Scholar Rifat Bali said that Cetinkaya made the following confession: “For a long time, we had thought about [carrying out some] action against the Jews. The nameplate of a dentist in Sisli attracted our attention. We spoke [among ourselves] saying, ‘We’ve got to kill this Jew.'”
According to police reports, Yahya was found in a bathroom with his hands and feet tied with clothesline. Women’s stockings were put in his mouth and his head was leaned toward the bathtub; he was then shot with one bullet to the head.
His wife found his lifeless body.
The murderers also took Yahya’s telephone notebook and called the people inside who had Jewish-sounding names, harassing and threatening them, and demanding money from them. In fear, many Jewish lawyers and doctors in Istanbul removed the signs on their offices in order not to have the same fate as Yahya.
Yahya was only one of the victims of Turkish-Islamic anti-Semitism. During the 93-year history of the Turkish Republic, Jews in Turkey have been subjected to various pressures, discrimination and even pogroms. According to the 2015 Anti-Defamation League Global 100 Poll, 71 percent of the Turkish adult population harbors anti-Semitic attitudes.
Bali explained: The official line that successive Turkish regimes have frequently repeated and which has firmly established itself in both Turkish and foreign public opinion is that the Republic of Turkey is one of those rare countries in which anti-Semitism has never taken root, and in which Jews have thus lived for centuries within a tolerant atmosphere of peace and tranquility — but it simply isn’t true.
Within this fictional past, all events that might be seen as contradictory to this view of Turkish tolerance and mercy toward its Jewish population — events such as the pressure on them to forego the special rights accorded them by the 1923 Lausanne Treaty, the “Compatriot, Speak Turkish!” campaigns, the pogroms and looting of the Jewish communities of Turkish Thrace, the conscription of 20 non-Muslims labor battalions during World War II, the turning away of the ill-fated Struma, an aging freighter carrying Romanian Jewish refugees, and the Capital Tax — such events are always either glossed over or treated as isolated incidents.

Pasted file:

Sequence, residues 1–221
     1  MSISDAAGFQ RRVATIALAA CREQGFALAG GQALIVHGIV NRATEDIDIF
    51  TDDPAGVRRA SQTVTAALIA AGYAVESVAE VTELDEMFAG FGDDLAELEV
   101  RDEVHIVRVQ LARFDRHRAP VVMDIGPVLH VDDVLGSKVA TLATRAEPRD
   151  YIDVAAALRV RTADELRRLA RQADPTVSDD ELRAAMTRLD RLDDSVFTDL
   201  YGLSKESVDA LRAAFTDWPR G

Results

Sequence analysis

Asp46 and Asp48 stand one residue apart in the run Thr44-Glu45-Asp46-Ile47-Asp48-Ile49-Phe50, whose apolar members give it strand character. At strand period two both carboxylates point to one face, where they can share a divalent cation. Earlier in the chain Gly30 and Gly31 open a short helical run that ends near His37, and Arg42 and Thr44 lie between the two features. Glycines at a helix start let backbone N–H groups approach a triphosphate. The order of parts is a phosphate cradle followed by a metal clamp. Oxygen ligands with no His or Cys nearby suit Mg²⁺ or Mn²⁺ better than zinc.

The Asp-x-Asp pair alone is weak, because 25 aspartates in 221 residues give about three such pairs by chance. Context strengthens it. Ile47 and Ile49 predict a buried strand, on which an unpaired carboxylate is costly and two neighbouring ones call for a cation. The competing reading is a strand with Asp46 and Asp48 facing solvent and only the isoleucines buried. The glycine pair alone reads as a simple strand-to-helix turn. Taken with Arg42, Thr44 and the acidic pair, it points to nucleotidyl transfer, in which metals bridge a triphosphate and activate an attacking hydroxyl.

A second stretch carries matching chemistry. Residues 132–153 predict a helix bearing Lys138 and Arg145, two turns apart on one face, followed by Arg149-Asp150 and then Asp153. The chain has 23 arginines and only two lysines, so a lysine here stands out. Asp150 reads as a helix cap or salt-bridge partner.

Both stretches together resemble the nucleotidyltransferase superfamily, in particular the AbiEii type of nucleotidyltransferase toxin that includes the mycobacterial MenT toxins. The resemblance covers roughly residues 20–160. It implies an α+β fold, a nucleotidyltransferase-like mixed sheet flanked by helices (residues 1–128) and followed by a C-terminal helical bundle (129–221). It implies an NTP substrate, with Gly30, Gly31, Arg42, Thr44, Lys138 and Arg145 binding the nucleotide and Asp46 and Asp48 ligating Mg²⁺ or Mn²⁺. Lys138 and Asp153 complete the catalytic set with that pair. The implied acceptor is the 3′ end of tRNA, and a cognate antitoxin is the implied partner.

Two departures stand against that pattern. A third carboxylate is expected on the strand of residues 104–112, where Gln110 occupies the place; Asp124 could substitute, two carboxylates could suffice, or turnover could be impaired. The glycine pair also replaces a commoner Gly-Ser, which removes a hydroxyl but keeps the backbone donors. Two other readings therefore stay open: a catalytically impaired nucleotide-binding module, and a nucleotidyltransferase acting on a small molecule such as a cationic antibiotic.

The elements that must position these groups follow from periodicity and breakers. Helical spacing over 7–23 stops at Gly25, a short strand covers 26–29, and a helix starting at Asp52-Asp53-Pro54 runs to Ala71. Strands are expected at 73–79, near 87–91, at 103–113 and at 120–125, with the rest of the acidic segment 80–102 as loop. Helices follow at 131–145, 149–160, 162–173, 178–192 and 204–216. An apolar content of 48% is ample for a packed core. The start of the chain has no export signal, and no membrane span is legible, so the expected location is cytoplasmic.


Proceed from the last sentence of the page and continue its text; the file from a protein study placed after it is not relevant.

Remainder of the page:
Along with anti-Semitism are the conspiracy theories in which the “Jew” or the “Zionist” feature as the main actors that are widely seen throughout Turkish society. In fact, this state of affairs is not only pervasive but has even become “normal” to the point of banality, so much so that it tends to draw no reaction from either the country’s intellectuals or politicians.
Subsequent reports indicated that 15 people had been killed.
Lefter Küçükandonyadis (1924-2012) was born the son of a fisherman on the island of Büyükada in Istanbul. He grew up with 10 brothers and sisters. He transferred to the Turkish football team Fenerbahçe in 1947 in order to be able to buy medicine for his sick father, and achieved instant success.
He was capped 50 times for the Turkish national football team, and was the captain nine times. He was the top scorer for Turkey for decades, but he had a giant fault, even a crime: He was of Greek origin.
When he was 17, the Turkish government enacted the Wealth Tax Law that targeted non-Muslims. Those who were unable to pay the tax were sent to labor camps; the government seized their properties or they were deported.
Küçükandonyadis, a legendary footballer at age 87, did not want to or could not make comments on the record — even 70 years after the Wealth Tax Law — and asked the director to turn off the cameras. Leaning to Ozgenturk’s ear, Küçükandonyadis said, “They made my father suffer so much, too. He was saved from being sent on exile because of his poverty, but all of my family had to leave Turkey.”